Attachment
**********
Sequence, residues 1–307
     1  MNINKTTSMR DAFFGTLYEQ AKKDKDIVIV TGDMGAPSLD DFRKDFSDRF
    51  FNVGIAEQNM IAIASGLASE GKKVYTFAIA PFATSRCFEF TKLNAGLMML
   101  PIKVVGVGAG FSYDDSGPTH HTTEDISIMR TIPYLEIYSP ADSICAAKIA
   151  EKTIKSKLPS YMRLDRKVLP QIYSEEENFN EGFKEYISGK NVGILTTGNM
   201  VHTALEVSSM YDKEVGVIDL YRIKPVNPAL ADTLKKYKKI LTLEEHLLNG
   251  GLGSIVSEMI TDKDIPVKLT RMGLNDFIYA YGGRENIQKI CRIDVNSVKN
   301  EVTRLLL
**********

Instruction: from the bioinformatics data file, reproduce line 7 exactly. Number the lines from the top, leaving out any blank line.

   251  GLGSIVSEMI TDKDIPVKLT RMGLNDFIYA YGGRENIQKI CRIDVNSVKN